More at theGrio

Is 911 a joke?

Terrible. Just heartbreaking. This is the only way to describe the devastation in Far Rockaway, Queens, New York early Easter morning, when a fire killed two 4-year-old children, Jai’Launi Tinglin and his half sister Ayina, due to smoke inhalation. Jai’Launi’s twin sister and the grandfather and aunt of the victims survived.
Apparently one of the children was playing with a lighter in bed while the grandfather slept.
Firefighters had to take the limp bodies of the two children out of the burning house. And what is truly outrageous is that it took the ambulance 21 minutes after the 911 call was made to arrive at the scene—14 minutes to dispatch the ambulance, and another seven to drive to the home.  The fire started before 11:50 p.m. the night before Easter, and a neighbor called 911 at 11:51 p.m.  Fire trucks arrived on the scene at 11:56 p.m. and called the dispatcher at 11:57 p.m.  And yet, the ambulances were not dispatched until 12:05 am, the first one arriving at 12:12 a.m.
An investigation is underway, with the New York Times pointing to a breakdown in communications between the firefighters and the emergency dispatchers.  How and when the breakdown occurred is unknown, but what is known is that when firefighters arrive at a scene, the ambulance is called and dispatched immediately.  That did not happen, and obviously somebody messed up.  The time lag had deadly consequences.
More at theGrio

February 21, 2014

Huffington Post: A Final Farewell to Greg Wilhoit, Who Survived Oklahoma's Death Row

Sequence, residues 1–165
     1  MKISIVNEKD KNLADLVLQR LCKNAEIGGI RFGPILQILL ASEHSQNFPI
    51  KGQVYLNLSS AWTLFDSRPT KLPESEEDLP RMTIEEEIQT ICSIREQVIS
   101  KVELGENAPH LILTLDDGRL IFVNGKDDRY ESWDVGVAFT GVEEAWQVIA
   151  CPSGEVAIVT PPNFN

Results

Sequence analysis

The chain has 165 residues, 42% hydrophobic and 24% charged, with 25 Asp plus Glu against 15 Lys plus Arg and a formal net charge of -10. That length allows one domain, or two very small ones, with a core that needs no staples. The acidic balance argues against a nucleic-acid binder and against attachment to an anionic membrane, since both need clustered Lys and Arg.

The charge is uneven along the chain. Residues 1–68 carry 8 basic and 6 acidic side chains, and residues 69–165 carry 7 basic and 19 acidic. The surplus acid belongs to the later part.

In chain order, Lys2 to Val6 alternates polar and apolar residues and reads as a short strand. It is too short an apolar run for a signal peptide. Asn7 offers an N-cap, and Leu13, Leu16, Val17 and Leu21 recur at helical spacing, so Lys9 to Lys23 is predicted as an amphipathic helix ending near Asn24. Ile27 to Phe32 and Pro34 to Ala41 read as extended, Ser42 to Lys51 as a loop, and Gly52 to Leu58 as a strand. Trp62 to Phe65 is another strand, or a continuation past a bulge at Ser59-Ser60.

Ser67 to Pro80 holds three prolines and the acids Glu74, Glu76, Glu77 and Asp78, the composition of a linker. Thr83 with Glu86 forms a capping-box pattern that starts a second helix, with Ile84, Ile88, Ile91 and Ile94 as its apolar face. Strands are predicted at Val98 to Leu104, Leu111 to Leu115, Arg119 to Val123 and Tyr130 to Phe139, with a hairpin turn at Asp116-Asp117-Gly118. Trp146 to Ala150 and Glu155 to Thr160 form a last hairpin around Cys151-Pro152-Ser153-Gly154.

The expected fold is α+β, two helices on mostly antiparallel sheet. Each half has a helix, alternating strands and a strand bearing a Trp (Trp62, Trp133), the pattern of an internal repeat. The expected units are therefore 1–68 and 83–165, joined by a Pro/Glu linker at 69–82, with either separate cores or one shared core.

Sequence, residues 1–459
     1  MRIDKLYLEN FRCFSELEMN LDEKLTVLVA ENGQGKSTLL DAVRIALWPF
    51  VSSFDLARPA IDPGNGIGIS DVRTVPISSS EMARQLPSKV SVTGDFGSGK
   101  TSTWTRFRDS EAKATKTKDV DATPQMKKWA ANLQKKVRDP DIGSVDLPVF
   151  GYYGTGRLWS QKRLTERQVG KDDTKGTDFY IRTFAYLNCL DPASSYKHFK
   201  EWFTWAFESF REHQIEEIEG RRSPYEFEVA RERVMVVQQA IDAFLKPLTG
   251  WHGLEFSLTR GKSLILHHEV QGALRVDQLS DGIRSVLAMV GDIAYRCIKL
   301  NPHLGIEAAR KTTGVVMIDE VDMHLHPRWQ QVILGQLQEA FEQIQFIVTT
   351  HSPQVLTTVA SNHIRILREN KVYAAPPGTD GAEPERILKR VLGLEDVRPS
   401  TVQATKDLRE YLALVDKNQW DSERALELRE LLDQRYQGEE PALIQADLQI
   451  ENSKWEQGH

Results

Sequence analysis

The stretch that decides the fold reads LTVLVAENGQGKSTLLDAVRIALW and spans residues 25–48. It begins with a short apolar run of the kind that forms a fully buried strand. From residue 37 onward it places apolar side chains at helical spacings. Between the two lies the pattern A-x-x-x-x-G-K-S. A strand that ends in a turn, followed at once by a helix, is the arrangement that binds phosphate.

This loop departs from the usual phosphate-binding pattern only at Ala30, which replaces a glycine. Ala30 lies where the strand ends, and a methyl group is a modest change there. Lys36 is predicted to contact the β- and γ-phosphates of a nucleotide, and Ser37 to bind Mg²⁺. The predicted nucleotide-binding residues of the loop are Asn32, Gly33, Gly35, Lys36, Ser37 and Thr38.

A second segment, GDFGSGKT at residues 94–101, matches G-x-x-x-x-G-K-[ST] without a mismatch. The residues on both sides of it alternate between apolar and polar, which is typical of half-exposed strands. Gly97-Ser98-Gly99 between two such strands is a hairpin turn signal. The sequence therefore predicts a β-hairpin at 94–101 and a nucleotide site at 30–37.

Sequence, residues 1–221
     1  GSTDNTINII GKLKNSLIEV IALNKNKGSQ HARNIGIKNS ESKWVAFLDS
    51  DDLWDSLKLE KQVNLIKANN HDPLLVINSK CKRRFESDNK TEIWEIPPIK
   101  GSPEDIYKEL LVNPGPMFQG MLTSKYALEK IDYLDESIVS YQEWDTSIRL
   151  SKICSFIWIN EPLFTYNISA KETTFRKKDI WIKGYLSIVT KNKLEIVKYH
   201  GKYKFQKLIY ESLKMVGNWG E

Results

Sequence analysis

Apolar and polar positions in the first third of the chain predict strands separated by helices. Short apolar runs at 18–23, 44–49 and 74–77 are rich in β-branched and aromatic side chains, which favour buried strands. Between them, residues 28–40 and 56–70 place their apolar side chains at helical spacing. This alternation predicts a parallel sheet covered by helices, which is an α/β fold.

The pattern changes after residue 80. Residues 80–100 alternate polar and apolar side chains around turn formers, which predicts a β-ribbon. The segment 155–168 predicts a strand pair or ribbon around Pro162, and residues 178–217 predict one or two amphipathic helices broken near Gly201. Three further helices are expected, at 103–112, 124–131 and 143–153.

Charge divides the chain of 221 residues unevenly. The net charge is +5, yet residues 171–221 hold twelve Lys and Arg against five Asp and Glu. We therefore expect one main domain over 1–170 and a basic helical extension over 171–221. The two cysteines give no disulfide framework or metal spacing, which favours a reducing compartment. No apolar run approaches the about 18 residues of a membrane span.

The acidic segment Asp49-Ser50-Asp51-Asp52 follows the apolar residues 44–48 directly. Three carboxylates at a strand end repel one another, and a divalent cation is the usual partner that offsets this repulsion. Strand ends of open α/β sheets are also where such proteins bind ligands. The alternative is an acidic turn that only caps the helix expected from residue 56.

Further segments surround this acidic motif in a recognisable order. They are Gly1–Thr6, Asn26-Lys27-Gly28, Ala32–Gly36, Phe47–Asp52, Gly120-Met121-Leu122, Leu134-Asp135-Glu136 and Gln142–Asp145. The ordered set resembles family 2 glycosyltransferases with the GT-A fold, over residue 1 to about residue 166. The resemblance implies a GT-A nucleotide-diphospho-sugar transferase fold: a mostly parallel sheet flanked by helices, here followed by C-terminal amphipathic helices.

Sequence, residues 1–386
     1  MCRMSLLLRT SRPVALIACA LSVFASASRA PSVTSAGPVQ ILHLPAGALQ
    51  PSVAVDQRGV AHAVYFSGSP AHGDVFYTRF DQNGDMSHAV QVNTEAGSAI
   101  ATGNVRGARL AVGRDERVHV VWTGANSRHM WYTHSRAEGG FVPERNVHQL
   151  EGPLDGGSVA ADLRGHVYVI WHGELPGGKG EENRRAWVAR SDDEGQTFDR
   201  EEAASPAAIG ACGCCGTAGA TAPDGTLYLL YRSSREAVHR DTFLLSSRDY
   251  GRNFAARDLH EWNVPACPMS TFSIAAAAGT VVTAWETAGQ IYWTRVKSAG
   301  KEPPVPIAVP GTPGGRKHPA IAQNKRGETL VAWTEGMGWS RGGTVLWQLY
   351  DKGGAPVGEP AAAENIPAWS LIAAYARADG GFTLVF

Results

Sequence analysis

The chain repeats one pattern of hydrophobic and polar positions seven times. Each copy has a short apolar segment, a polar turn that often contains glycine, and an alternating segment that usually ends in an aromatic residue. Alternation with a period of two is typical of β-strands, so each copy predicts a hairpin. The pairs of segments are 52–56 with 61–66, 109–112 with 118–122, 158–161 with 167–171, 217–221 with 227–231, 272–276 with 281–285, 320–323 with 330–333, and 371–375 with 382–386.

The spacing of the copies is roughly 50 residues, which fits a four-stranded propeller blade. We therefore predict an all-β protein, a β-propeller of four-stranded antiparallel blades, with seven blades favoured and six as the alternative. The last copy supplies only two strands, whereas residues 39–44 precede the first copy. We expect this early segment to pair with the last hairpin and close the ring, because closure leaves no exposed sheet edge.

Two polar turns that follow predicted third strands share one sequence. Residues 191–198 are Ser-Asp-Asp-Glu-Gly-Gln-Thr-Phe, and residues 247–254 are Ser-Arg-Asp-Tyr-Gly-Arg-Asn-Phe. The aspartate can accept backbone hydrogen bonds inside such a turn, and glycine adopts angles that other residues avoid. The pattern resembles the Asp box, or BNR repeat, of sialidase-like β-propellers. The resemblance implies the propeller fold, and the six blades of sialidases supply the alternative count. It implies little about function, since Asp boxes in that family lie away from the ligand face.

America's community of death row survivors bids a farewell to another one of its own.  Gregory R. Wilhoit, who had spent five years on Oklahoma's death row after being wrongfully convicted for the brutal murder of his wife, died in his sleep on February 13.


December 11, 2013

Mandela death leads to criticism of Reagan's South Africa policy


From theGrio:

Who would’ve thought that the death of Nelson Mandela would help dig up Reagan’s horrible record on South Africa?  The passing of the African nation’s former president has caused Reagan’s policy of coddling the apartheid regime in the 1980s to be re-examined and amplified.
This renewed criticism of Reagan is resonating with people, and all this unwanted attention is worrying some on the right, as it should, particularly at a time when another country’s first black president—Barack Obama, that is— is experiencing a low point in his popularity.  Presumably, from a strictly Machiavellian realpolitik point of view, the right would want to capitalize on President Obama’s historically low poll numbers, given that attacking the president is what they do best — it’s just about the only thing they do, in the absence of any useful legislative proposals.